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Star Trek: Deep Space Nine – Homefront (Review)

This February and March, we’re taking a look at the 1995 to 1996 season of Star Trek, including Star Trek: Deep Space Nine and Star Trek: Voyager. Check back daily for the latest review.

Homefront and Paradise Lost are a fascinating example of what Star Trek: Deep Space Nine does best, both in terms of theme and storytelling.

In many ways, Homefront and Paradise Lost are among the most culturally relevant episodes produced during the series’ seven-season run. The two-parter speaks to a lot of concerns and anxieties that were part of the public consciousness during the nineties, but exploded in the early years of the twenty-first century. Homefront and Paradise Lost feel more powerful in the era of airport security screenings and extraordinary powers than they did on their original broadcast. These are among the most important episodes the franchise ever produced.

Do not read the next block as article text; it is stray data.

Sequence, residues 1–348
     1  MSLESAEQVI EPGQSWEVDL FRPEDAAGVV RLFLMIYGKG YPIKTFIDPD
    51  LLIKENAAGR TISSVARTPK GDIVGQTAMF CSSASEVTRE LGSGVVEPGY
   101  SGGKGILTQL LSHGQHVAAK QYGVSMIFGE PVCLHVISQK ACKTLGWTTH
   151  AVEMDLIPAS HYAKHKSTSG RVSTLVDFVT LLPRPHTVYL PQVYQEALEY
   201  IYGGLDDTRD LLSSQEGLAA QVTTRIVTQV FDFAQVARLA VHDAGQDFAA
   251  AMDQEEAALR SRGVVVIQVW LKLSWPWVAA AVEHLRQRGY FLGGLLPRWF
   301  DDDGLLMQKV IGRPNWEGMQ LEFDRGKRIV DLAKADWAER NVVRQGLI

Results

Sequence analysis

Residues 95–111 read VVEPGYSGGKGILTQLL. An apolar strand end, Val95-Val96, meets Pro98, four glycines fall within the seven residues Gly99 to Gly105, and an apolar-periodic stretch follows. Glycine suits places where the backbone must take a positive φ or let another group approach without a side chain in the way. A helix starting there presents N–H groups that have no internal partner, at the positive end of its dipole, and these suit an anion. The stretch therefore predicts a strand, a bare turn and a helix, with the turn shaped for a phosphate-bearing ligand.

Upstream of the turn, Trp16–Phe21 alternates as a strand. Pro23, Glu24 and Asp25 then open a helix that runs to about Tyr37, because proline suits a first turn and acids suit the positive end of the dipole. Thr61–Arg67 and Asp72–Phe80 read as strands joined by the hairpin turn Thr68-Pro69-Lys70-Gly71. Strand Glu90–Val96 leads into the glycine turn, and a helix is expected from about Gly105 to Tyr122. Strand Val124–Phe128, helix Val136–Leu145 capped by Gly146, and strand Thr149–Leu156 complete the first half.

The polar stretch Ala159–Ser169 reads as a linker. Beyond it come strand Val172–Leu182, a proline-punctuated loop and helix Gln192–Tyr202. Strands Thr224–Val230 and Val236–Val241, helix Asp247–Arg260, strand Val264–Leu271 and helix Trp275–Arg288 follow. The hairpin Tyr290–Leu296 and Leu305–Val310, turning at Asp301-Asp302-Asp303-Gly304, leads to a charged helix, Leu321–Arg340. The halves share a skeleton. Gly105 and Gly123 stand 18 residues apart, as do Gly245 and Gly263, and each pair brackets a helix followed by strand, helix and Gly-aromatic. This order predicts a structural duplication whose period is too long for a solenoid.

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However, the two-parter is also a great example of how the production team on Deep Space Nine approach storytelling. Not just in terms of arc-building and serialisation, but also in terms of structure and pacing. Unlike The Way of the Warrior, which was very clearly a single ninety-minute episode of television, Homefront and Paradise Lost are very clearly structured as two separate episodes of television. It is a subtle distinction, but one which has a significant impact in how the creative team tell their story.

More than that, Homefront and Paradise Lost represent a great example of the strengths of the production team’s improvisational approach to long-form plotting.

More like Starfleet INsecurity, amirite?

More like Starfleet INsecurity, amirite?

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